Mother and baby
Doctors at Southampton’s teaching hospitals believe they can halt the rising allergy epidemic – using dust mites.
In a radical study, experts hope that exposing babies to the common allergen – often found in pillows, mattresses and on carpets – when their immune systems are developing will prevent them becoming allergic in the future.
A total of 120 babies aged five to nine months with a family history of allergy will take part in the project, which is being conducted at the respiratory biomedical research unit at University Hospital Southampton NHS Foundation Trust and the David Hide Asthma and Allergy Research Centre at St Mary’s Hospital on the Isle of Wight.
As many as one in four people in the UK are affected by an allergy at some time in their lives, with children accounting for half of all those affected – and dust mites are the most prevalent allergy-triggering substance, causing a number of different allergies and inducing reactions in 85% of children with asthma.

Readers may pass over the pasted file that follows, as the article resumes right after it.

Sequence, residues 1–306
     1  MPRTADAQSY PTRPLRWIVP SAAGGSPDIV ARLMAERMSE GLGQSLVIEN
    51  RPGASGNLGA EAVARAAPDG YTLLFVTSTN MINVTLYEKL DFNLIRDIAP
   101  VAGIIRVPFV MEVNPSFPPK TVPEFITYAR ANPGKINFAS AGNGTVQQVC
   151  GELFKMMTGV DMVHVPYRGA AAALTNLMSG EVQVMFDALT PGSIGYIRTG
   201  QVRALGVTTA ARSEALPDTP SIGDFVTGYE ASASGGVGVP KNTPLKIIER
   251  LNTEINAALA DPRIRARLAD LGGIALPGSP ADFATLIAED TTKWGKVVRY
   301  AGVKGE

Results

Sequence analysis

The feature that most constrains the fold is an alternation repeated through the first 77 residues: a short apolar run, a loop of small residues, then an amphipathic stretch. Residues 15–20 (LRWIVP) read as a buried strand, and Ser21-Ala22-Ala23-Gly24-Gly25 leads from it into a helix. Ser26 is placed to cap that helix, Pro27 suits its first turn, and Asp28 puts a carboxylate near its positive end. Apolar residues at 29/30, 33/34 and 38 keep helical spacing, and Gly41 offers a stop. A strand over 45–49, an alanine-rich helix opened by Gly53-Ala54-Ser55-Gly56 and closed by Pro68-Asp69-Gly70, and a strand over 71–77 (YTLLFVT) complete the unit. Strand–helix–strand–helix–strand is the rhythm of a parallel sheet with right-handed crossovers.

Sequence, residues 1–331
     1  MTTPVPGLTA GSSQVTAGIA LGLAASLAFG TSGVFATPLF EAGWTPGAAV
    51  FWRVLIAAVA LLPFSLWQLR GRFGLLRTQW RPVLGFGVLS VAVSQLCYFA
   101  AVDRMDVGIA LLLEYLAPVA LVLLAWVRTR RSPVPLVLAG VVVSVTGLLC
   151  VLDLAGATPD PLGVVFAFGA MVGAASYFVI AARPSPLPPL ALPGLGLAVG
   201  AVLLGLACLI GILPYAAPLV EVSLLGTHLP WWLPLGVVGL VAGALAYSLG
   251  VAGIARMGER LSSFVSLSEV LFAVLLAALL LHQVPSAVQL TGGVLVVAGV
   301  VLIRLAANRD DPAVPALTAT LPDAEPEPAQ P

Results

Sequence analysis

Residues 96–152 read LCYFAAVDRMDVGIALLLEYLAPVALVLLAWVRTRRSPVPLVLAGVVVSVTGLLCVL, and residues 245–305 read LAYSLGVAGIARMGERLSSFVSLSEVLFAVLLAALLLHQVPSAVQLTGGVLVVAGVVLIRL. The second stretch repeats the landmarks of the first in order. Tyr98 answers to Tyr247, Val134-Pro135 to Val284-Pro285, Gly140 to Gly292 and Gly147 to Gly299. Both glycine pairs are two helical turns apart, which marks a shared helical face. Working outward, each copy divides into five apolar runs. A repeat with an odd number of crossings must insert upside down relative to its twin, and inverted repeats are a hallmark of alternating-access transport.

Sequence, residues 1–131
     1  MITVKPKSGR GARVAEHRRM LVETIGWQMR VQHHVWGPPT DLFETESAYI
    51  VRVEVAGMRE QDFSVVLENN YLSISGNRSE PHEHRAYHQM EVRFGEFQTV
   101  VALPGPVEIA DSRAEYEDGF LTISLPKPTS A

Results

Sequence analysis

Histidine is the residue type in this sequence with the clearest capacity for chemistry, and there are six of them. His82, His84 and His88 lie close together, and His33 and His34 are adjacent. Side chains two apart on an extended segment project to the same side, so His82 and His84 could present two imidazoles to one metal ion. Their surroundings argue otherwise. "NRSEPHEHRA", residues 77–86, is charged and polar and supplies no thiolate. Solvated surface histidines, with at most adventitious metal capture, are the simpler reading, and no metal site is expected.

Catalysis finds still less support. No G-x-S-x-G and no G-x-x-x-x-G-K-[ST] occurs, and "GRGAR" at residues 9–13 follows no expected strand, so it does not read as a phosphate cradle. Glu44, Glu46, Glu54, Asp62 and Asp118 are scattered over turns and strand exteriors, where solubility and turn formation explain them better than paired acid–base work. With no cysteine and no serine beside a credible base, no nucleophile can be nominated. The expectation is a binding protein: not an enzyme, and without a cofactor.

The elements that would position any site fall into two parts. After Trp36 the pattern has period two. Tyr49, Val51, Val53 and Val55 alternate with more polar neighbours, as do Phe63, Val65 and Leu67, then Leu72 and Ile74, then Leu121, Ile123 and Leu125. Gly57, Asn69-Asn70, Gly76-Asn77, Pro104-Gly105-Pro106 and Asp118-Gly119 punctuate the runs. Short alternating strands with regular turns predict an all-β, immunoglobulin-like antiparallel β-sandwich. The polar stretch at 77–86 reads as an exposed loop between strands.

“Although we still do not know why more children are suffering from asthma, eczema, hay fever and food allergy, we do know that children born in families with asthma and allergic disease are at a higher risk of developing them,” said Professor Graham Roberts, a specialist in respiratory and allergy medicine at UHSFT and reader in child health at the University of Southampton.
“Therefore, we hope that by giving babies a common allergen when their immune systems are working out what is and isn’t harmful will allow us to teach their bodies to accept it and not become susceptible as they grow older.”
Professor Hasan Arshad, director of the David Hide Asthma and Allergy Research Centre, added: “We believe we need to act very early in life – well before babies reach their first birthday – to be effective and, if we are correct, this should reduce the development of asthma and other allergies.”
Staff are still recruiting and any parents interested in helping are urged to contact the teams at Southampton General Hospital (023 8120 4989) or St Mary’s Hospital (01983 552 147) for more information.
Posted on Thursday 27 October 2011